|Publication number||US6136676 A|
|Application number||US 09/218,017|
|Publication date||Oct 24, 2000|
|Filing date||Dec 22, 1998|
|Priority date||Dec 24, 1997|
|Also published as||CN1109357C, CN1221214A|
|Publication number||09218017, 218017, US 6136676 A, US 6136676A, US-A-6136676, US6136676 A, US6136676A|
|Original Assignee||Nec Corporation|
|Export Citation||BiBTeX, EndNote, RefMan|
|Patent Citations (7), Referenced by (7), Classifications (14), Legal Events (6)|
|External Links: USPTO, USPTO Assignment, Espacenet|
The present invention relates to a semiconductor device manufacturing method used for forming an interconnection pattern in a multilevel interconnection structure.
An LSI (Large Scale Integrated circuit) is manufactured by repeating the steps of forming thin films made of various types of materials on a semiconductor substrate and partially removing the thin films by lithography and etching. The role of lithography is to form a pattern having a predetermined size at a predetermined position. The role of etching is to partially remove the thin films from the surface by using the pattern, formed by lithography, as a mask, thereby forming an interconnection made of a thin-film material to have a desired size.
An explanation will be made by way of formation of a gate electrode interconnection of a MOS (Metal Oxide Semiconductor) transistor constituting an LSI.
As shown in FIG. 2A, a gate insulating film 202 is formed on a silicon substrate 201, and a conductive film 203, e.g., polysilicon, is formed on the gate insulating film 202. As shown in FIG. 2B, an anti-reflecting coating (ARC) 204 is formed on the conductive film 203.
As shown in FIG. 2C, a resist pattern 205 is formed on the anti-reflecting coating 204 by known photolithography. In this photolithography, since the anti-reflecting coating 204 is formed under the resist pattern 205, the standing-wave effect which hinders high-precision pattern formation can be prevented.
As shown in FIG. 2D, the anti-reflecting coating 204 is etched by using the resist pattern 205 as a mask, thereby forming a pattern 204a. This etching is performed by dry etching using a gas mixture obtained by adding chlorine (Cl2) gas or hydrogen bromide (HBr) gas to oxygen gas.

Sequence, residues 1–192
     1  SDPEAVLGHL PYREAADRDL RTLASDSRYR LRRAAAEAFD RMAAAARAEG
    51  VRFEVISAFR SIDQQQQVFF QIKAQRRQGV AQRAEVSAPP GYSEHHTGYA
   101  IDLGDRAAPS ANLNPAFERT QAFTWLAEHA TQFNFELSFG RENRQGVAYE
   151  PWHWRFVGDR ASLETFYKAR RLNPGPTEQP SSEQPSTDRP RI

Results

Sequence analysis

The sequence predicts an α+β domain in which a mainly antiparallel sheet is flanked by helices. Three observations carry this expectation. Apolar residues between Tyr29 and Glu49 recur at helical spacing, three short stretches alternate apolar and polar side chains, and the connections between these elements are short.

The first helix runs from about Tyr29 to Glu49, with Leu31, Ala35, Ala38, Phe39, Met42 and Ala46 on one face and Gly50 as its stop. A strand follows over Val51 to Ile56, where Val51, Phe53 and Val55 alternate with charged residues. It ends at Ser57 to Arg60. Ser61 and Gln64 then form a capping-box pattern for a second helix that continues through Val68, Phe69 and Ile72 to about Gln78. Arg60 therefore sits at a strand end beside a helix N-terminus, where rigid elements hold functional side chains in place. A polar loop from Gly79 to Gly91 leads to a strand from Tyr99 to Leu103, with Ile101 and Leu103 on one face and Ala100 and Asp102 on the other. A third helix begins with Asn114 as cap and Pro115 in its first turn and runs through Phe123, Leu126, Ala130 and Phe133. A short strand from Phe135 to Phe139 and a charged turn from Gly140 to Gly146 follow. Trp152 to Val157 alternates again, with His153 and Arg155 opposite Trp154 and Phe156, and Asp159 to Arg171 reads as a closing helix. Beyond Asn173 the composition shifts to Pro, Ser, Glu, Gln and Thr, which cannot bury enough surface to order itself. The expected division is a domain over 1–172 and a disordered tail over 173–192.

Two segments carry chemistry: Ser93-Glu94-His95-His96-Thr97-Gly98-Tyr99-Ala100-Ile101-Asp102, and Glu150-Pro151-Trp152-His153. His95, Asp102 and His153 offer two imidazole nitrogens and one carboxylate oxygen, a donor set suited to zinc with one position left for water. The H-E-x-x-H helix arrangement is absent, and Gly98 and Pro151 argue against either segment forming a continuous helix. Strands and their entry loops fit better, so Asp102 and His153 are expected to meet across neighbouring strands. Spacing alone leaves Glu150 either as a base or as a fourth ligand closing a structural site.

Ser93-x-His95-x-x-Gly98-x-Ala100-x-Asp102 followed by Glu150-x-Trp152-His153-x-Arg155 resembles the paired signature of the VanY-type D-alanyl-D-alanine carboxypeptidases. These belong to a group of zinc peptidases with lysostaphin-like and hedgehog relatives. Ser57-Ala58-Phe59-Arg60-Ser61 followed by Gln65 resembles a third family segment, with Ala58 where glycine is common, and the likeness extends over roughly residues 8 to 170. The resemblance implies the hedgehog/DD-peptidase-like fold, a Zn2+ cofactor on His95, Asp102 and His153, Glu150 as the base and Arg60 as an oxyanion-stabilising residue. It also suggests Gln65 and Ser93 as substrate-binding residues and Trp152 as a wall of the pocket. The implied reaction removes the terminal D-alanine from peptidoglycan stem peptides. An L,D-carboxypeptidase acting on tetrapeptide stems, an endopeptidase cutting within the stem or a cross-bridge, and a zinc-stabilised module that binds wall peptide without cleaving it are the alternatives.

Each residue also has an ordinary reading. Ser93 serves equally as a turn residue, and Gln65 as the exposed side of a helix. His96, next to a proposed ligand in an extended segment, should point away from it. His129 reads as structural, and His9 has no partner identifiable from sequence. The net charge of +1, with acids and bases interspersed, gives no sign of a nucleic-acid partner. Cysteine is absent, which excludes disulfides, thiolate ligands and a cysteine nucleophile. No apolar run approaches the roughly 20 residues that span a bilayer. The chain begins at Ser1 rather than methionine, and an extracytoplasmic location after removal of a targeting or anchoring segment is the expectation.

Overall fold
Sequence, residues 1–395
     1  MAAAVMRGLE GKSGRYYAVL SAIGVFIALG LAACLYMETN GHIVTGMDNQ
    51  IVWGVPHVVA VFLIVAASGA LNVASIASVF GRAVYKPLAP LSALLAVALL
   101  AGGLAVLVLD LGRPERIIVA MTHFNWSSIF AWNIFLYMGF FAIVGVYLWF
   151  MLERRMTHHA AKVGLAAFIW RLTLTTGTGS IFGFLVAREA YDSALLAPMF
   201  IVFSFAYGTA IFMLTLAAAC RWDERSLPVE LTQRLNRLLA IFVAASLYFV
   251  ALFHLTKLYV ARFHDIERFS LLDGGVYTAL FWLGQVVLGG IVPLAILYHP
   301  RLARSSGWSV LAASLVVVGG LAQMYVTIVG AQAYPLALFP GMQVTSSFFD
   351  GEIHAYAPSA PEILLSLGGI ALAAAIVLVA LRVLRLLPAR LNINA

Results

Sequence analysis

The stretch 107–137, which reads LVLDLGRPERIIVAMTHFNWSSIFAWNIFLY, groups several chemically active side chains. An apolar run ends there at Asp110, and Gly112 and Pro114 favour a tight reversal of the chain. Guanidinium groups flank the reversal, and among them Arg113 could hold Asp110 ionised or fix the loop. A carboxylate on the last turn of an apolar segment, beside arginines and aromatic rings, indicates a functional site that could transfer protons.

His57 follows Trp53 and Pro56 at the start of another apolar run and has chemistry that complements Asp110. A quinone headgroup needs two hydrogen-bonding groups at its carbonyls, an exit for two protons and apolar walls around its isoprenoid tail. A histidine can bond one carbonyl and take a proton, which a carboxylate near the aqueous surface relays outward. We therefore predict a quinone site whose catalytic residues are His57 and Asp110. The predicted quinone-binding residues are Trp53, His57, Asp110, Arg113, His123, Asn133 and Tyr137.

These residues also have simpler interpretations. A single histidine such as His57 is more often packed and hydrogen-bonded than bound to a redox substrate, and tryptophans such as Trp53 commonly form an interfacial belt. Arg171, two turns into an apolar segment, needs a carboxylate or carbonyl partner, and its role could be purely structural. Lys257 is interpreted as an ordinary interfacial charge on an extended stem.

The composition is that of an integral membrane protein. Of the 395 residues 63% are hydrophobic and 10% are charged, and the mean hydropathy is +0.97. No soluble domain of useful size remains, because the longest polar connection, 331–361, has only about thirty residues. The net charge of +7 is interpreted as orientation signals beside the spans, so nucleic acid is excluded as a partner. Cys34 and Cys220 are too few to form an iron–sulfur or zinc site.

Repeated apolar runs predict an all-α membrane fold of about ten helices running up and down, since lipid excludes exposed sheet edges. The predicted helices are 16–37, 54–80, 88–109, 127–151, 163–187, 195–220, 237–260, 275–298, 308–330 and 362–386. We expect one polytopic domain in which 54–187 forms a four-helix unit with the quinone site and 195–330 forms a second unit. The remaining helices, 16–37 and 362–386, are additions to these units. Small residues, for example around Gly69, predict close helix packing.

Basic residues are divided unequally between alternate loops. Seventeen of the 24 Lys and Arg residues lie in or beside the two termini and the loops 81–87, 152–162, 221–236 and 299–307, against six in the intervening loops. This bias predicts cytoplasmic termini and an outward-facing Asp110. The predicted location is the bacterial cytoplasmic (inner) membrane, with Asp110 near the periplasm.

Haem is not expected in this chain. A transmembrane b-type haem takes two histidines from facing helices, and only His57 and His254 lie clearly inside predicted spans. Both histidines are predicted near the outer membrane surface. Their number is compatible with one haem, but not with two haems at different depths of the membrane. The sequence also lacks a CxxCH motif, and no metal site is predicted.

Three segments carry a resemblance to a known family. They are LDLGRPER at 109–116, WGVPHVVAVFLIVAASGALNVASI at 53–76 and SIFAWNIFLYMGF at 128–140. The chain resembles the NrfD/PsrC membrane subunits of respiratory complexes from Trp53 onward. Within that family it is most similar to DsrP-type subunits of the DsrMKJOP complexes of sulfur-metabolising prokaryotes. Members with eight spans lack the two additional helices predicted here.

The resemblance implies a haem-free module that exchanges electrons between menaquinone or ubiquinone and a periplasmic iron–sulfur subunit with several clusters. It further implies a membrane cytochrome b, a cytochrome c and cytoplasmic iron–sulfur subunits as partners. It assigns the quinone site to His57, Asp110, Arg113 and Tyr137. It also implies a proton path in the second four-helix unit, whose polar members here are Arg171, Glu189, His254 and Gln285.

Since the anti-reflecting coating 204 is an organic film, it can be etched by dry etching using oxygen gas. If only oxygen gas is used, side etching occurs to degrade the size precision. Generally, in the reaction process of dry etching, the reaction product can be dissociated in the plasma, can attach to the surface of the processing material again, can be deposited on the surface of the processing material in the plasma, or can cause polymerization reaction on the surface of the processing material. When the organic film is subjected to dry etching by the oxygen gas plasma, the obtained reaction product is mainly CO2 and H2 O, which do not cause reattaching and deposition easily.
In contrast to this, for example, if oxygen gas and chlorine gas added to it are used to perform dry etching, deposition caused by plasma polymerization or the like occurs on the surface of the processing material. When deposition occurs on the side surface of the resist pattern 205 or the side surface of the pattern 204a of the anti-reflecting coating 204 that has begun to be exposed by etching, side etching can be suppressed. More specifically, in dry etching of the anti-reflecting coating 204 as the organic film, when an etching gas obtained by adding, e.g., chlorine gas, to the oxygen gas is used, the size precision can be increased.
As shown in FIG. 2E, by using the resist pattern 205 and pattern 204a as the mask, the conductive film 203 is etched to form gate electrodes 203a.
With the conventional method, in the step in FIG. 2D of forming the pattern 204a, since the conductive film 203 is partially overetched at the interface between the pattern 204a and conductive film 203, comparatively large subtrenches 301 are formed, as shown in FIG. 3A. While these subtrenches 301 are present, when the conductive film 203 is etched to form the gate electrodes 203a, the conductive film 203 is etched to disappear faster at the subtrench regions than at other regions because the conductive film 203 at portions corresponding to the subtrenches 301 has a smaller thickness than at other regions.
Thus, when the conductive film 203 at portions other than the gate electrodes 203a is to be completely removed, portions under the subtrenches 301 are also largely overetched. Accordingly, the gate insulating film 202 and part of the silicon substrate 201 are etched to form substrate damages 302, as shown in FIG. 3B.